Between nature and nurture

Between nature and nurture

A father and daughter on the journey from sporting promise to achievement

Sharad Kohli

A life in the Army helped prepare Colonel Narinder Dagar in bringing up his hearing-impaired daughter Diksha, now a regular name on golf leaderboards in Europe and Asia. But putting one’s heart and mind into raising a budding athlete is a responsibility that entails years of sacrifice, and calls for ample emotional and mental support for the offspring. When the Dagars realised golf was something Diksha wanted to pursue seriously, and to devote her time and energy into excelling at, they went all in. “You have to be 100 per cent involved in the child’s journey,” Col. Dagar said on a warm late September day in Delhi. “He had a dream for me to grow up into a good golfer,” recalls Diksha.This talented and resourceful 22-year-old southpaw, who received her first clubs at age 7, is now a multiple winner on the Ladies European Tour, and was in the mix for the AIG Women’s British Open in August. Success, admits the father, is a journey, one that tests you mentally. And it’s not always the adult who has the answers, as the Colonel reminds: “Diksha sometimes jokingly says, ‘Children are smarter than their parents’!”In the Dagars’ journey, fulfilment has arrived through a happy mix of trust and telepathy. Excerpts from an interview

How much has your father’s support contributed to you falling in love with golf, and to your success as a golfer?

Diksha: My dad has been very supportive, and all my family have been very dedicated to me since childhood. Dad has taken me to many sports such as tennis and swimming – he has always been there. He’s everything to me, and we are like a team in that we support each other, and make plans with a target and a goal in mind. We share and talk about everything.

When you started playing golf, how much were you hindered by being hearing impaired? Did it prove to be a mental block on the course or were you determined to not let that affect you? 

Diksha: I got a cochlear implant when I was six, and in my childhood I took speech therapy with the help of my parents. They taught me how to speak and their support helped me in my education. It is because of them that I’m here. When I am on the course, my parents are like an umbrella – they protect me. They help me feel comfortable in that environment, with the result that year by year I am improving a lot, and gradually I’m speaking better and starting to hear better. And that has helped increase my confidence.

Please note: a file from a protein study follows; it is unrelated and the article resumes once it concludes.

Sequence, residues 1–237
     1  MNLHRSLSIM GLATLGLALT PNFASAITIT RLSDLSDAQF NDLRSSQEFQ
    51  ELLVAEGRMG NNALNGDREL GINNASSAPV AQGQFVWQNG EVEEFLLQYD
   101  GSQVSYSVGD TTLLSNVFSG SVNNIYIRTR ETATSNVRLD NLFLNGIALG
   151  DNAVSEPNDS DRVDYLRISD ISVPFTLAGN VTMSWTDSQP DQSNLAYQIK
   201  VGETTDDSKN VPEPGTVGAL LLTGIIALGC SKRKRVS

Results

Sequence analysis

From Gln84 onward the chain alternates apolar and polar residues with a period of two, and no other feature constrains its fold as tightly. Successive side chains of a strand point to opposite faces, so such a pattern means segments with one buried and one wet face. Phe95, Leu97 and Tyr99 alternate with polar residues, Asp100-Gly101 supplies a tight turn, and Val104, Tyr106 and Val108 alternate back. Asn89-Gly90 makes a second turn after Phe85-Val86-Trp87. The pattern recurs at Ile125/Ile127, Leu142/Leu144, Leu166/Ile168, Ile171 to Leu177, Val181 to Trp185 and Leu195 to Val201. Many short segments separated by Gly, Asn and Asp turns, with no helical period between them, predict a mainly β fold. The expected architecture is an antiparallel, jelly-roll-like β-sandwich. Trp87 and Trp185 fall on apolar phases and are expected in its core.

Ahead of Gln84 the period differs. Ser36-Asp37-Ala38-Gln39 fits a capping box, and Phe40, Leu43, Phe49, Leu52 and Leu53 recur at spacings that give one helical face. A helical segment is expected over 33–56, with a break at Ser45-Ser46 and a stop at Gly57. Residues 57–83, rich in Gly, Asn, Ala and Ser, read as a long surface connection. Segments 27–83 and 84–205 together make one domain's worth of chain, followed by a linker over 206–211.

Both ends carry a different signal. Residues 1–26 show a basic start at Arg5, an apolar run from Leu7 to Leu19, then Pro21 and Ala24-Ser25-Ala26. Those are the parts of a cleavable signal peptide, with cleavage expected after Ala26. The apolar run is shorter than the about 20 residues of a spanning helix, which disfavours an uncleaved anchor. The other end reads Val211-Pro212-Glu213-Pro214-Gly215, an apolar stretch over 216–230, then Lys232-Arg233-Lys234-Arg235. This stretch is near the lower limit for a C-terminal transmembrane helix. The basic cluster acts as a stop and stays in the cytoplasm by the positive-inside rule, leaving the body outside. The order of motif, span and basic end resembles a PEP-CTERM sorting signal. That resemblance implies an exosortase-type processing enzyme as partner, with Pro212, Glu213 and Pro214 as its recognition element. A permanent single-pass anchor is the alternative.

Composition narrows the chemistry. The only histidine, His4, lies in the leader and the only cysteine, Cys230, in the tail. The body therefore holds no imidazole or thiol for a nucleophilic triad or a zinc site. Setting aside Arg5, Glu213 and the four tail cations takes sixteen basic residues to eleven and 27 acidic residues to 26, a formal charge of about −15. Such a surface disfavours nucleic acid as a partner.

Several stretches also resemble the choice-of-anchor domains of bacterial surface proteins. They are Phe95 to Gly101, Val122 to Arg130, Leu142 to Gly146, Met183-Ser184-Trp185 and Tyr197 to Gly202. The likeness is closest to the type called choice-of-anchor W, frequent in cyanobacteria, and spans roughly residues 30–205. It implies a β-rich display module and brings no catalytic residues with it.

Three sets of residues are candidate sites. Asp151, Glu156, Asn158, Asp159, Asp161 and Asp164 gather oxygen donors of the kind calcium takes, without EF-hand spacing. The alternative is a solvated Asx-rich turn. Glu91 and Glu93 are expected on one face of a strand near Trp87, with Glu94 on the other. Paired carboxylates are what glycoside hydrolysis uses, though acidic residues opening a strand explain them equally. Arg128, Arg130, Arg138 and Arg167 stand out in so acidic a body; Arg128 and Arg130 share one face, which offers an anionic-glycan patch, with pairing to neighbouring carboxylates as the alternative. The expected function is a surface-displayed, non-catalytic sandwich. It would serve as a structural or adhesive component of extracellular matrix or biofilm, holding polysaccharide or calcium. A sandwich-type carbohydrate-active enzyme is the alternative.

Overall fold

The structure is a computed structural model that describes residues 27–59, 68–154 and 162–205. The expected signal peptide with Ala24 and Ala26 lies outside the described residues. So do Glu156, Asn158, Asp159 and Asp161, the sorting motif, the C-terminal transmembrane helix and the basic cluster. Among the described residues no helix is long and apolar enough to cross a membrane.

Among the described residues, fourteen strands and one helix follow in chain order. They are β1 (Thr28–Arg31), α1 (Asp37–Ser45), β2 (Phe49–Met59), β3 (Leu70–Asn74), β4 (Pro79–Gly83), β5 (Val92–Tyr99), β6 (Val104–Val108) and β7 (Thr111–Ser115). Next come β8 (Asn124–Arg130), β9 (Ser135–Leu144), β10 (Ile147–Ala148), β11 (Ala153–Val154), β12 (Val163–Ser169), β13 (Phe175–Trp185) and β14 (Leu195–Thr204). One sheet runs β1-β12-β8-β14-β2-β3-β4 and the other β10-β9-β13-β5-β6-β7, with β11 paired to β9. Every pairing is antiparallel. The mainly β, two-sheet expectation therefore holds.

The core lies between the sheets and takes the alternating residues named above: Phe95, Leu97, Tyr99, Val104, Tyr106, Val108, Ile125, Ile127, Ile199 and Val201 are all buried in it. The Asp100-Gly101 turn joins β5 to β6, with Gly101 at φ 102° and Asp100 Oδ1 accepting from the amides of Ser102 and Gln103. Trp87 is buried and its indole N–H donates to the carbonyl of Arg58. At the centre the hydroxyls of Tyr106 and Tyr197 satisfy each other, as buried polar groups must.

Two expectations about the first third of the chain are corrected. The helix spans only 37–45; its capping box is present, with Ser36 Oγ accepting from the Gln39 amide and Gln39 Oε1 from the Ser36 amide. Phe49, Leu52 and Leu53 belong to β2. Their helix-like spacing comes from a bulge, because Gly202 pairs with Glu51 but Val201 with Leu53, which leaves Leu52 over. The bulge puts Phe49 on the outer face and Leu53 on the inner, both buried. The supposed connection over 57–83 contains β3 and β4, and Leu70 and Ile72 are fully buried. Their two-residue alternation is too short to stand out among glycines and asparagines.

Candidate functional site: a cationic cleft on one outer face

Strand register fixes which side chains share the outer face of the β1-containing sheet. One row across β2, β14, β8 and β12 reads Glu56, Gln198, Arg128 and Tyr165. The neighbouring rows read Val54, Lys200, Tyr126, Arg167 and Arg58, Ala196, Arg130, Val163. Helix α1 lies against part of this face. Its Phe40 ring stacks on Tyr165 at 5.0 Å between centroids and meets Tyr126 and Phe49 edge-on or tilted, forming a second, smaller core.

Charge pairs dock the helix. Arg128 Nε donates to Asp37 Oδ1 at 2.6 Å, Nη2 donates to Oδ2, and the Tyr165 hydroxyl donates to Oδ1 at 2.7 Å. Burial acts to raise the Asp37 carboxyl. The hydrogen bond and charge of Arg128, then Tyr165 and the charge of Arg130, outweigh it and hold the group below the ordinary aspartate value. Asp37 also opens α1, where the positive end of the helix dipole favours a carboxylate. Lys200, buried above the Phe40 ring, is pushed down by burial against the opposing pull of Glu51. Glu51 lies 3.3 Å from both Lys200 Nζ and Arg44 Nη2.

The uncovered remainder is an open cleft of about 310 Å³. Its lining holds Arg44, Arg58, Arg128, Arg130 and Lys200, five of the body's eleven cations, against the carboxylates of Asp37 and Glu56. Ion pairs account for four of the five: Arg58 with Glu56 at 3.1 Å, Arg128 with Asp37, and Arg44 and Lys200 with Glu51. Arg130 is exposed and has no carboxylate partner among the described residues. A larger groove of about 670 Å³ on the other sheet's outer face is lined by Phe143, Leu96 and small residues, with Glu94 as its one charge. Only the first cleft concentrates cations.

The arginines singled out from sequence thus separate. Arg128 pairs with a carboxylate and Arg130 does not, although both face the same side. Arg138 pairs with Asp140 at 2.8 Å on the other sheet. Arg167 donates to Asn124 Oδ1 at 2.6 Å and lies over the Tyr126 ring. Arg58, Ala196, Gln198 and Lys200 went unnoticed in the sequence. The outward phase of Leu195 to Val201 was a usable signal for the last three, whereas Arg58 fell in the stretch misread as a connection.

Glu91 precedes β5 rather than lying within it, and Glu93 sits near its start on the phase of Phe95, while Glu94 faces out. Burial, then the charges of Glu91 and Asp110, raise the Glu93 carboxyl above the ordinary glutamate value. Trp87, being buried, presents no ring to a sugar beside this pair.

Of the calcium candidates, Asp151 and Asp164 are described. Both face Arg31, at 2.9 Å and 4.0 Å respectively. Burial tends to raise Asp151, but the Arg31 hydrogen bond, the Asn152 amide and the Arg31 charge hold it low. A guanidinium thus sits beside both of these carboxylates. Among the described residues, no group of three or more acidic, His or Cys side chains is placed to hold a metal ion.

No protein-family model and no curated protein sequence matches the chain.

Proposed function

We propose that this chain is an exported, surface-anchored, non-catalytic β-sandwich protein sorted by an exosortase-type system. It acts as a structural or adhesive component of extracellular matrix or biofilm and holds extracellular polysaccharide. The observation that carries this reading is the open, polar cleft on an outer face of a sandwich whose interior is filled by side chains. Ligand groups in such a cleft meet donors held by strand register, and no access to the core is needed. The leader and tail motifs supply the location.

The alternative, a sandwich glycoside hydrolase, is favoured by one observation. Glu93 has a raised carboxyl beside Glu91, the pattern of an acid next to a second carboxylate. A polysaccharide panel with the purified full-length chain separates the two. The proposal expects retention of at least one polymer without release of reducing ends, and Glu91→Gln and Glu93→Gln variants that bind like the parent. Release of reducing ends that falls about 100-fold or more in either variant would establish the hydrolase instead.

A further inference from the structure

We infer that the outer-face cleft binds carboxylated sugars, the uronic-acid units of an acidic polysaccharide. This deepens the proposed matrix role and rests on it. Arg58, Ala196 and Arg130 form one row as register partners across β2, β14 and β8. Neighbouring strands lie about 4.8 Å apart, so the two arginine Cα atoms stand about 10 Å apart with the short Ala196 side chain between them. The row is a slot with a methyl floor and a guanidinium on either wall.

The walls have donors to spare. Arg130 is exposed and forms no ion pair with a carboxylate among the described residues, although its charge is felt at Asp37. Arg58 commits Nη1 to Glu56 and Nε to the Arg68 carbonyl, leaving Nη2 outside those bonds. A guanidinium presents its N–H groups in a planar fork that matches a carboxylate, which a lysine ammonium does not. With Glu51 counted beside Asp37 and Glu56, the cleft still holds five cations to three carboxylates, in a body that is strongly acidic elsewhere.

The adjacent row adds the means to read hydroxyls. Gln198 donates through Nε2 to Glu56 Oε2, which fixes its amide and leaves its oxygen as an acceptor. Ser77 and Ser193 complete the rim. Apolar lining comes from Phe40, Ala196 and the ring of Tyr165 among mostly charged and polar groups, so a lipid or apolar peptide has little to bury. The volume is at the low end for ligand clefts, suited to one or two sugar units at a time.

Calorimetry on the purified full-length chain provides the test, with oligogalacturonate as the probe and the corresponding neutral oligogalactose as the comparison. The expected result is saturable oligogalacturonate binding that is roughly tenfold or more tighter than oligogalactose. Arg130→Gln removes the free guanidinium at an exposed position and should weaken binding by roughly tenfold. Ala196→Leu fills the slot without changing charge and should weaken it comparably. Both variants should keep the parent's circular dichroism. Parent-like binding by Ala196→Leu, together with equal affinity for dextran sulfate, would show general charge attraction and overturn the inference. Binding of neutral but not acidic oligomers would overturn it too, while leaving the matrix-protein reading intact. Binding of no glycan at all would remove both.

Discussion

What roles must a parent play to give their child self-belief and help them overcome a physical disability, whether they’re focussed on their studies or taking part in training and competitive sport?

Col. Dagar: Of course parents have a very, very important role to play, because they are the first guide, mentor and teacher for a child in the formative years, before the child starts going to school and taking part in organised activities outside of the home. In the scenario where a child is faced with such a challenge, the parents’ responsibilities grow. As a parent, you must keep yourself connected, interested and passionate.We are very fortunate that in today’s world there is sufficient guidance and availability of knowhow, so if the intent is correct, and if the sincerity, commitment and dedication are there, then most of the time you are walking the right path. And that is what we have been doing as a family. My wife has played a crucial and solid role; she’s been a pillar of strength. As far as our children are concerned (son Yogesh is also hearing-impaired), we faced every challenge together, and together we decided to see how best we could put things back on track. There are a lot of variables, and every individual can only make a sincere effort and try. But, we are happy, which is a kind of success.

Are there times when you feel you must hold back from offering advice? And how do you deal with the differences of opinion that are bound to crop up when you’re together so much?

Col. Dagar: I’m learning a lot. In fact, I am learning more from Diksha than she is from me! Initially, maybe I was making too much effort to make her learn certain things. In the process of teaching you get a lot of feedback. Even if you have certain things in mind that you want to tell, how you communicate them is something you learn gradually. Maybe now I’m learning more being with Diksha,  than I want her to learn. So, I correct myself in many ways when I am with her. And it’s a wonderful journey in the sense that you are active and you are involved, and are able to contribute whatever you can.

Of course, there will be times during competition when you would rather figure things out for yourself than seek advice from your father… 

Diksha: We have been travelling a lot and we have been together a lot, so there is a bonding that builds. It’s also amazing how our brains work so much alike – I have experienced that whatever I was going to say, he would say it, and whatever I was about to speak he would end up saying it. It’s a beautiful experience. And we discuss everything. We point out weaknesses and areas that need improving. However, when it comes to the game, and when we are out on the course, I sometimes tell him, ‘Don’t act like a father, act like a caddy’. For, a father starts giving a lot of lessons, which he shouldn’t be doing – because on the course, the focus should be on the game.